Listen, a lot of cliches about being seasoned, worldly, and hard to ruffle apply to me. This ain't my first rodeo, people. I've got a thick skin. Having not just been born yesterday, I've been around a bit. The last thing I am is green. But this festering piece of OTPBS, shared by a longtime Smarty Mommy, is truly shocking.
Gird your loins.
Our Smarty friend caught this specimen in the wild as she made a late-night trip to her local Mansfield, Ohio Kroger for essentials. What it is, as you can see, is a pink baby onesie that reads "Hot Like My Mommy." For reference, it is by the charmingly named "Babies With Attitude," in case you were looking for another company to boycott. Wondering why you should boycott BWA? Let me break it down for you.
Now, you might be thinking "What's the big deal? Most children's clothing has twee phrases about being handsome like Daddy or Mommy's little monster, etc. What's the problem here?" And I might be thinking "Christ, what a dumbass. I really want a taco. Is today Thursday? Do I have a new Code Black on my DVR at home?," but what I'd say to you is this:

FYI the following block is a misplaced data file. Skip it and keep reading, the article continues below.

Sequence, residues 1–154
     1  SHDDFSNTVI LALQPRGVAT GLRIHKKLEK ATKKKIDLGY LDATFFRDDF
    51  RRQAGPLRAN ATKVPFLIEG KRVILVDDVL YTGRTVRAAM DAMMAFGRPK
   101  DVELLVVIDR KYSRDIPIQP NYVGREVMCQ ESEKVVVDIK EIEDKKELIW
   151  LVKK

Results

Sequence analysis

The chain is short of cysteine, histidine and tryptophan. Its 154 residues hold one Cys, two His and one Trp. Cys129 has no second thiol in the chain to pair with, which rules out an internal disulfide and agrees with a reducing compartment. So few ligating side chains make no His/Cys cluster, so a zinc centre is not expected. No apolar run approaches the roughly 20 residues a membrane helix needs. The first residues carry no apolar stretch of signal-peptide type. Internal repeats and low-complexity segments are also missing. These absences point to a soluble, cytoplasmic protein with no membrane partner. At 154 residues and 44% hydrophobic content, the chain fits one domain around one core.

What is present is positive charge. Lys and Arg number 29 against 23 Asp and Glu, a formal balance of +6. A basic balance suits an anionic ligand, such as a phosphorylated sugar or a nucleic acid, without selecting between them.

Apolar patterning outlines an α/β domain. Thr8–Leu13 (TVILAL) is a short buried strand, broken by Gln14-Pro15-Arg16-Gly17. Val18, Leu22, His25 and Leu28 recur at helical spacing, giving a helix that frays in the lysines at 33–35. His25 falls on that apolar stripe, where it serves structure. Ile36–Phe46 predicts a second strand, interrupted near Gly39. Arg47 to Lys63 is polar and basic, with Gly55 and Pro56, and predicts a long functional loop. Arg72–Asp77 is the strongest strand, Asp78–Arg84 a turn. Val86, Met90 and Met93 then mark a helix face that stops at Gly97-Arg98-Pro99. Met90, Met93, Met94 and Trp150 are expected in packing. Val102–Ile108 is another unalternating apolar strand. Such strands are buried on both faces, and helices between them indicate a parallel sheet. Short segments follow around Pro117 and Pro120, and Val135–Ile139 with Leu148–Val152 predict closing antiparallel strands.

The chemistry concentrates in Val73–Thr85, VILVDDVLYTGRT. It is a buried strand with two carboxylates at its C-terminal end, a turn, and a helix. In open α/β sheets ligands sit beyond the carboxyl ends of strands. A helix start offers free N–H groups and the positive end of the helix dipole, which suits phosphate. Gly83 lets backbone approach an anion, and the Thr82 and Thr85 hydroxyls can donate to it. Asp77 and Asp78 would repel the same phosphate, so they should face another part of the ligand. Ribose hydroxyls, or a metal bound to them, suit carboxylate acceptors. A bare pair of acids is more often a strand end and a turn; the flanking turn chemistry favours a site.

"Hot" has a specific meaning in this context, and what it means is sexy. While this onesie might have been conceived in an attempt to draw sexual compliments to the child's mother, which is problematic and gag-inducing enough, what it also does is draw sexual compliments to the BABY. It requires that all readers of the onesie consider both the mother AND THE CHILD to be sexual objects, and it assumes that its target audience of readers will agree with this sexualization.
Are you picking up what I'm laying down? Because what you're supposed to think when you read this is "Damn, that mom's sure fuckable. And, by the comparison drawn on the baby's onesie, so is that baby. That is one fuckable baby."
Did you just puke your pants? Because I just did.
Photo credit: www.glitter-graphics.com
The sexualization of childrenin our societyis common enough for more subtle forms of it to go unnoticed or uncontested. It is prevalent enough to have become invisible to those used to seeing it - visual white noise, if you will. But this example is so shockingly egregious that I can't imagine what the development and design process was for this piece of clothing and why, WHY?, did no one think twice about producing this? Was this put together by the same marketing geniuses behind West Elm's D&C-themed Christmas?